Thursday, February 24, 2011

True Enough

Heather Armstrong, "Queen Of The Mommy Bloggers"

Fascinating account of blogging, personal life, limits, boundaries and commercialism.


Tuesday, February 22, 2011

Thursday, February 17, 2011

Just A Couple Of Guys Goin' Fishin'

Ernest Hemingway, a drink in one hand and a Thompson in the other.

There's An App For That

A software defined receiver running on an iPhone 4.

Tuesday, February 15, 2011

A Rank Sentimentalist

Everybody comes to Rick's.

I saw Casablanca on TCM tonight, for the umpteenth time. I never get tired of it.

Some of the character actors are well-known: Sidney Greenstreet and Peter Lorre, for example. But some of the lesser-known members of the cast are interesting, too.

"Your winnings, sir."

Marcel Dalio, who played Emil the croupier, had an interesting life story. A French Jew, he had fled France in 1940 by way of Lisbon, using a forged visa. Reaching Mexico, he somehow qualified for a Canadian passport and reached Hollywood. He had already appeared in several French films now considered classics, like Rules Of The Game and Grand Illusion. And he went on to have a very successful career after the war, on both sides of the Atlantic.

"Yvonne, I love you, but he pays me!"

Dalio married actress Madeleine Lebeau ("Yvonne") when he was 40 and she was 17. She was 19 when she appeared in Casablanca.

This scene was shot on June 22, 1942. Dalio had her served with divorce papers that same day. Lebeau had just turned 19 about a week earlier.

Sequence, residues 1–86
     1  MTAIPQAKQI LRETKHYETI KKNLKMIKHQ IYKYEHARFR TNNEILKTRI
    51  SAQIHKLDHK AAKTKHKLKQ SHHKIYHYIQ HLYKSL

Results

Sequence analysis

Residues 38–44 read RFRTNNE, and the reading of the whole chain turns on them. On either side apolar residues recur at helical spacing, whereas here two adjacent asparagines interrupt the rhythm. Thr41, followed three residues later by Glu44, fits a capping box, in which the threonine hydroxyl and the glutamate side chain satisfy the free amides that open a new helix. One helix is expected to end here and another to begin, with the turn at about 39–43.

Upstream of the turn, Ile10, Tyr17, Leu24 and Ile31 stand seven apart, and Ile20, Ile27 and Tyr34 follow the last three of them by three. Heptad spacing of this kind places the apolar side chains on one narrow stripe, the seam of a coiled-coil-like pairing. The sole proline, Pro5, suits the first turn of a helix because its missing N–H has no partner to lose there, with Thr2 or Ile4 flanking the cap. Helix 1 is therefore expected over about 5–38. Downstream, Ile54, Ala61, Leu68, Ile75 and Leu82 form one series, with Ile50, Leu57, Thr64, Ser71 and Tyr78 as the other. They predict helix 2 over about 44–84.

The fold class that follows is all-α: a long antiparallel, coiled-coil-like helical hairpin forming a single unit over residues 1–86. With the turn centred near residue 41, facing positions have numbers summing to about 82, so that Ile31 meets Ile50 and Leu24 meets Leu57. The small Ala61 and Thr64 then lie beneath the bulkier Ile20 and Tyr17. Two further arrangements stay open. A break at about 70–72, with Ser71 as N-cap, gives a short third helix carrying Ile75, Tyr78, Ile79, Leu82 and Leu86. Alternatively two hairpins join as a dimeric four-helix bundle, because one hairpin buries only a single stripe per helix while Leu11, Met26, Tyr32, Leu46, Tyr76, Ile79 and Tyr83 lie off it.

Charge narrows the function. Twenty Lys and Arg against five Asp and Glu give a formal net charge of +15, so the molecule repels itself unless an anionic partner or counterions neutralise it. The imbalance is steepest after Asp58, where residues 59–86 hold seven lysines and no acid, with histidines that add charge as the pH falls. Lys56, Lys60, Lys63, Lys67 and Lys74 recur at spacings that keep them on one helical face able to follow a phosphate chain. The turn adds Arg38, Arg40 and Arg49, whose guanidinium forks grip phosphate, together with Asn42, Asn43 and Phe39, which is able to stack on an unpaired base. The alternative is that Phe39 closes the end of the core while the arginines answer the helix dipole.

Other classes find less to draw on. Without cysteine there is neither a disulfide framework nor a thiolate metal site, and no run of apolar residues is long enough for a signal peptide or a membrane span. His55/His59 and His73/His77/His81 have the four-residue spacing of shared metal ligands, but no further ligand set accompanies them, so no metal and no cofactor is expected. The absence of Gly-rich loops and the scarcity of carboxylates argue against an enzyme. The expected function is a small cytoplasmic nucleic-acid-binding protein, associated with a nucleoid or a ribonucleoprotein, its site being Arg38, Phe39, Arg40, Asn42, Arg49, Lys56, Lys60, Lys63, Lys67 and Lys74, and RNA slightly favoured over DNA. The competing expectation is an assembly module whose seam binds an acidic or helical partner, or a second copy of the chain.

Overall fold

Conrad Veidt played the evil Major Strasser. Born in Germany, Veidt also fled the Nazis and became a British citizen. Although he himself was not Jewish, his first wife was. He died in April 1943 while playing golf.

Two other character actors were S.Z. Sakall and Leonid Kinskey. Look closely; do you see the bottle of Absinthe on the bar?

And of course the luminous Ingrid Bergman.

"Here's looking at you, kid!"

The last surviving cast member is Madeleine Lebeau; she was born in 1923.

Friday, February 11, 2011

My First Vibroplex

This is the first Vibroplex I have ever owned! Isn't it beautiful? So now I have to figure out where my ham rig is...

The Nation's Gun Show

I spent three hours at the Dulles gun show this afternoon. It was jammed. I was looking for (maybe) a Sauer 38H and (maybe) a Remington M32 shotgun.

I found three or four Sauers from $400 to $850. The latter had an original holster. But I just couldn't part with the money. There was an original LeMat revolver, some nice Webleys and Nagants, a couple of Astra "squirt-gun" pistols, LOTS of Garands, Lugers, Mausers, P-38s, Nambus and Hi-Powers.

I saw some Japanese military rifles complete with their "release" tags from U.S. Army Intelligence, assigning them to the GI who brought them in. Cool!

Lots of ammo, but not much 38-Super, only eight boxes at one big dealer.

Biggest crowds seemed to be around the new handgun dealers.

One of the C&R tables had some hilarious price tags. One, for a Walther PP, said "Thankfully, no swastikas!" and another, for a chrome-plated 1911, said, "But look how shiny it is!"

Saw several "Judge" pistols. Lots of parts-bin dealers for mil-surp pistols and rifles. Almost bought some GI 20-rd mags for my M1 Carbine.

There was a beautiful Sauer side by side boxlock shotgun with excellent case colors and un-bunged-up screws for under a grand; even had side clips.

My revised C&R with my new address has not arrived so I used that as an excuse for not buying anything. The real story is that my car will need some three-season tires next month.

Wednesday, February 9, 2011

Causation or Correlation